At a minimum, an entity that elects to apply the FASB staff practical expedient would not need to individually assess each lease concession to determine whether it should be accounted for as a modification or not. In addition, if an entity chooses to treat a lease concession as part of the terms of the contract, it would also be able to bypass having to apply modification accounting to the concession.
Must I apply the FASB practical expedient to all my COVID-19-related concessions?
No. The election to apply the FASB staff practical expedient is neither a lease-by-lease election nor an entitywide election. Rather, the staff Q&A document indicates that the election should be applied to all concessions with similar characteristics and in similar circumstances.
For example, an organization might conclude that it will treat all concessions that involve rent deferrals a certain way and all concessions that involve rent abatements a different way.
How do I determine if my lease concession is eligible for the FASB staff practical expedient?
The FASB staff practical expedient is applicable to all lease concessions that meet both of the following conditions:
- The concession is related to the effects of the COVID-19 pandemic.
- The concession does not result in a substantial increase in the rights of the lessor or the obligations of the lessee (for example, the total payments required by the modified contract are substantially the same as or less than total payments required by the original contract).
The FASB staff Q&A document does not provide significant interpretive guidance on these two conditions. However, it does note the “FASB staff expects that reasonable judgment will be exercised in making those determinations.”
Refer to the following question and answer for some of our interpretive views on the second condition.
What are some things I should consider when determining whether a lease concession results in total payments that are “substantially the same as or less than” the total payments required under the original terms of the contract?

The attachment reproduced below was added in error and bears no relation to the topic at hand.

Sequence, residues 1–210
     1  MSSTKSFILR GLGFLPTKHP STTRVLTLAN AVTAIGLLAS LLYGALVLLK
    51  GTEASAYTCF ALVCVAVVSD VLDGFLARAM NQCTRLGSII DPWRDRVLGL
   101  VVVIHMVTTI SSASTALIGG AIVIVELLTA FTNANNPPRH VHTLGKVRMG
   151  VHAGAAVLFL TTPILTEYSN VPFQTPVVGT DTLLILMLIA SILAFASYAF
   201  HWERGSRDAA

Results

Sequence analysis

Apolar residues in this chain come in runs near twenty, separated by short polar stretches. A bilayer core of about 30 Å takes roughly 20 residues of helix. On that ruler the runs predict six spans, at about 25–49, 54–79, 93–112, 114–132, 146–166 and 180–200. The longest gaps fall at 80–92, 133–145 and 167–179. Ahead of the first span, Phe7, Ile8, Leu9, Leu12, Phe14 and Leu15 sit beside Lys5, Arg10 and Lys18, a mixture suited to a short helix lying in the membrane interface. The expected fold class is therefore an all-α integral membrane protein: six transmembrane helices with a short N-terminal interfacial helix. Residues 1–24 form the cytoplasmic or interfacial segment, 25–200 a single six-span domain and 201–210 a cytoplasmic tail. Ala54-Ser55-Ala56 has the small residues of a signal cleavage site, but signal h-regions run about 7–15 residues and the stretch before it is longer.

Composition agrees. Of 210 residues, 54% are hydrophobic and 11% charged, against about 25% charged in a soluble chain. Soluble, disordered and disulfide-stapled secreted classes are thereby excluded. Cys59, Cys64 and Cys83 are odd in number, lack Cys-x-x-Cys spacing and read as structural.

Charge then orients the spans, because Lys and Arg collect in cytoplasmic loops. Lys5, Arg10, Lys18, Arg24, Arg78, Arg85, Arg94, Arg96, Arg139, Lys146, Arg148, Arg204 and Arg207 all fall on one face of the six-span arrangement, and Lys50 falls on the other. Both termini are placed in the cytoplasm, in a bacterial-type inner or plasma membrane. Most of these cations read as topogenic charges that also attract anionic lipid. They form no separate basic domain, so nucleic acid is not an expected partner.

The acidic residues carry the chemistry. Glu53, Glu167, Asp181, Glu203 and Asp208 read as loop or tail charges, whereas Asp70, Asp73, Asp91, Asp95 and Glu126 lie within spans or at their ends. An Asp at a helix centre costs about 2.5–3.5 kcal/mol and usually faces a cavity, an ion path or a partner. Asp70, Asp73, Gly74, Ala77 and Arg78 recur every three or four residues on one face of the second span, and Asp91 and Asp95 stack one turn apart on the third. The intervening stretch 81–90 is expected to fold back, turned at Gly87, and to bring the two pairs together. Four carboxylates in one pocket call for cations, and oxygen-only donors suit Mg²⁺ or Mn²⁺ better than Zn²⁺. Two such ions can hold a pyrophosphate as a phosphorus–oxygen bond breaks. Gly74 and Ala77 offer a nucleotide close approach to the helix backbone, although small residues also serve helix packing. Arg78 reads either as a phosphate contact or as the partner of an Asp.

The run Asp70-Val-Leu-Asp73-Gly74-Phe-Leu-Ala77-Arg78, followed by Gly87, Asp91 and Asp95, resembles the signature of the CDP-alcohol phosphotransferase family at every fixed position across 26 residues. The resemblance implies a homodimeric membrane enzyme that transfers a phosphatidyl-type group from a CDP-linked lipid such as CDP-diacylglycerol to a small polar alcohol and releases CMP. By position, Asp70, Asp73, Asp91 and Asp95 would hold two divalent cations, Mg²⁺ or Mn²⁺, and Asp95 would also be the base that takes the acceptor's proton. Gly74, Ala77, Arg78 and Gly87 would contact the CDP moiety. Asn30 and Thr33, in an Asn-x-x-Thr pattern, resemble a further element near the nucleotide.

The FASB staff practical expedient only applies to lease concessions that, among other things, result in total payments that are substantially the same as or less than the total payments required under the original contract. We believe “substantially the same” means a change in total payments of no more than 10%.
However, among other things, the FASB staff Q&A document does not state whether the analysis of total payments should be performed using either:
- Discounted cash flows or undiscounted cash flows
- Total payments over the entire lease term or total payments over the remaining lease term as of the date the lease concession was granted
Given that the staff Q&A document does not express a view on either of these matters, we believe an entity can perform either a discounted or undiscounted cash flow analysis using either the entire lease term or the remaining lease term. In other words, an entity should establish an accounting policy and consistently apply that policy to all lease concessions.
Another interpretive matter not addressed in the FASB staff Q&A document is whether consecutive concessions provided by a lessor to a lessee should be combined or analyzed separately. We believe an entity should look to the contract combination guidance in ASC 842-10-25-19 to make that determination. Significant management judgment may be required.